Comanche Moon

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Comanche Moon
LarryMcMurtry ComancheMoon.jpg
First edition
Author Larry McMurtry
Country United States
Language English
Series Lonesome Dove series
Genre Western
Publisher Simon & Schuster
Publication date
24 Nov 1997
Media type Print (Hardback & Paperback)
Pages 752
ISBN 0-684-80754-8
OCLC 39144173
Preceded by Dead Man's Walk

Comanche Moon is a 1997 western novel by Larry McMurtry. It is the fourth and final book published in the Lonesome Dove series, but the second installment in terms of the chronology of the narrative.

Plot introduction[edit]

In this bridge novel between McMurtry's Dead Man's Walk and Lonesome Dove, Woodrow Call and Gus McCrae are in their middle years, still serving as respected Texas Rangers.

Plot summary[edit]

Texas Governor Elisha Pease sends a small troop of Texas Rangers, under the leadership of Captain Inish Scull, to the Llano Estacado in pursuit of the celebrated Comanche horse thief, Kicking Wolf. This bold Indian steals Hector, Scull's famous horse, and takes it to the Sierra Perdida to give to the notorious Mexican bandit Ahumado, feared for the horrible tortures that he inflicts upon his victims. Scull, promoting McCrae and Call to Captains and instructing them to lead the Ranger troop back to Austin, sets off on foot after Kicking Wolf, accompanied only by the Kickapoo tracker Famous Shoes. Ahumado ties Kicking Wolf up to be dragged away by a horse, and takes Kicking Wolf's companion, Three Birds, prisoner. Ahumado intends to impose a slow death on Three Birds, but Three Birds throws himself off a cliff. Scull finds the unconscious Kicking Wolf being dragged by the horse, and cuts the Comanche's bonds, which allows Kicking Wolf to survive and return to his tribe. Scull is soon captured by Ahumado, and placed in a cage, where he is supposed to die slowly.

Having returned to Austin, McCrae learns that his beloved Clara Forsythe intends to marry his rival, horse trader Bob Allen (though she is not married yet, as Scull's wife had led McCrae to believe). Call learns that his lover, the reluctant whore Maggie Tilton, is pregnant with his child. Prompted by Scull's insistent and promiscuous wife Inez, Governor Pease sends Call and McCrae out in charge of another typically small Ranger troop to rescue Captain Scull. While they are on this mission, Comanche chief Buffalo Hump leads his nation on the warpath. They burn much of Austin, killing Clara's parents and ravaging fellow Ranger Long Bill Coleman's wife, Pearl. Maggie, having been prepared by Call, hides under a smokehouse, thus escaping the Comanches' notice.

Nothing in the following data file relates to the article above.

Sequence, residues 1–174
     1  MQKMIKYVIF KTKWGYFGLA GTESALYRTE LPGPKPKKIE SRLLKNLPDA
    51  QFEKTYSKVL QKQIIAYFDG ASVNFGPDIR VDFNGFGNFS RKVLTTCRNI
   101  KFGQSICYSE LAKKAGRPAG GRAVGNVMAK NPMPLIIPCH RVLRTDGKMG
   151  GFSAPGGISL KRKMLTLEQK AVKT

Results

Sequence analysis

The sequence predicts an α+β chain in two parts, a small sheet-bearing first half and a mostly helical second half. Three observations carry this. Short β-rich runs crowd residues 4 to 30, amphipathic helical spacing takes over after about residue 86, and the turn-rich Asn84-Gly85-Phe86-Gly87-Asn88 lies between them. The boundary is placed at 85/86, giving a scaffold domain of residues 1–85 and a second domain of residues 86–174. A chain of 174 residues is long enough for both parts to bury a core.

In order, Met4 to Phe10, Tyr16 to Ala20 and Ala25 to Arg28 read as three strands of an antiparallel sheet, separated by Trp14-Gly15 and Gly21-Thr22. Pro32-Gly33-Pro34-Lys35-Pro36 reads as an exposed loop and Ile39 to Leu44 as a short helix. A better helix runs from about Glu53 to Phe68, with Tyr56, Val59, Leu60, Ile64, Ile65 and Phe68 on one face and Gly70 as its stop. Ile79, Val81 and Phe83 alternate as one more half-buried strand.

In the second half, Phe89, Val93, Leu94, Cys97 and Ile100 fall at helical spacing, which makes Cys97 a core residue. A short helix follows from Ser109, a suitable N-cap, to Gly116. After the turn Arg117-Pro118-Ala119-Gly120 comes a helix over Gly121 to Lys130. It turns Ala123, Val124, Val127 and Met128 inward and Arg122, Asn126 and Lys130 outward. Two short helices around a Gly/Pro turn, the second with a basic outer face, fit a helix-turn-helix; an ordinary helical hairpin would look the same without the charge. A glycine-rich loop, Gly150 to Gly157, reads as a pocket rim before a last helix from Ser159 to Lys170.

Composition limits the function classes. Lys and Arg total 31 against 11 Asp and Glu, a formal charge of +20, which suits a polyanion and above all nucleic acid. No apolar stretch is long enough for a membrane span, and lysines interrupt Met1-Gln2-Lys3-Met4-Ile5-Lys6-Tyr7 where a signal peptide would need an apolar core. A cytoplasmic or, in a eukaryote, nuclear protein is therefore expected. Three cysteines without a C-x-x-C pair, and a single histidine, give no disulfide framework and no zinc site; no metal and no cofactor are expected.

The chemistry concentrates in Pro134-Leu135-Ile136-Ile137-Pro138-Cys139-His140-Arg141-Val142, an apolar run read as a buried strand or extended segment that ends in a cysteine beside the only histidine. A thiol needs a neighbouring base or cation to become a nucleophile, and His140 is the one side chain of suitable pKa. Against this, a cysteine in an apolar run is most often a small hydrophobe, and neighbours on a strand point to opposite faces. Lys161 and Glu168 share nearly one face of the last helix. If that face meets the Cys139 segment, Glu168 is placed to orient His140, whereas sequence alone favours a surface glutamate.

The Rangers turn back to Austin as soon as they hear of the raid there. Pearl and Long Bill are unable to recover emotionally, and Long Bill hangs himself.

Scull handles the cage so well that Ahumado has him taken down, and has his henchman Goyeto cut off his eyelids. Ahumado sends word to Austin that he will return Scull for a ransom of one thousand cattle. Governor Pease sends the Rangers out once again, to collect the cattle and exchange the herd for Scull. The Rangers go to Lonesome Dove in search of cattleman Captain King. Realizing they will not be able to even gather the cattle, let alone persuade King to sell them, Call and McCrae set out to try to rescue Scull on their own terms, leaving the rest of their troop behind. Meanwhile, Ahumado has been bitten by a brown recluse spider, and goes South to die. Call and McCrae find Scull going insane in a pit, but the rescue is soon enough to allow Scull to mostly recover. Scull returns to Austin and later becomes a general with the Union army. Because of the eyepieces he has devised, he becomes known as "Blinders" Scull.

Meanwhile, Buffalo Hump banishes his half-Mexican son Blue Duck. Blue Duck goes East and acquires wealth and notoriety as the leader of a gang of bandits.

At this point, the novel moves more quickly, giving highlights covering the period leading up to the sequel, Lonesome Dove. Maggie gives birth to Call's son Newt, but Call refuses to acknowledge the child is his. She goes to work at the general store, and Jake Spoon more or less moves in with her. The Civil War takes most of the soldiers away from the frontier, enabling the Comanches to push back the white settlers. After the Civil War, Call and McCrae are sent in pursuit of Blue Duck and his band of renegades. Buffalo Hump has gone off to die. Blue Duck hears of this and leaves his cutthroats to pursue his father. The Rangers attack his band, but Blue Duck, having left, evades capture. He finds his father at his chosen place of death and kills him there. Maggie dies while the Rangers are on this expedition.

Characters[edit]

Miniseries[edit]

A television adaptation of the novel first aired on CBS January 13, January 15, and January 16, 2008. It features many Hollywood stars, particularly Karl Urban as Woodrow F. Call, Steve Zahn as Augustus McCrae, Val Kilmer as Inish Scull (often given top billing), Elizabeth Banks as Maggie, Wes Studi as Buffalo Hump, Adam Beach as Blue Duck, and Jake Busey as Tudwal. Other stars include Linda Cardellini as Clara Forsythe, Rachel Griffiths as Inez Scull, and James Rebhorn as Elisha Pease.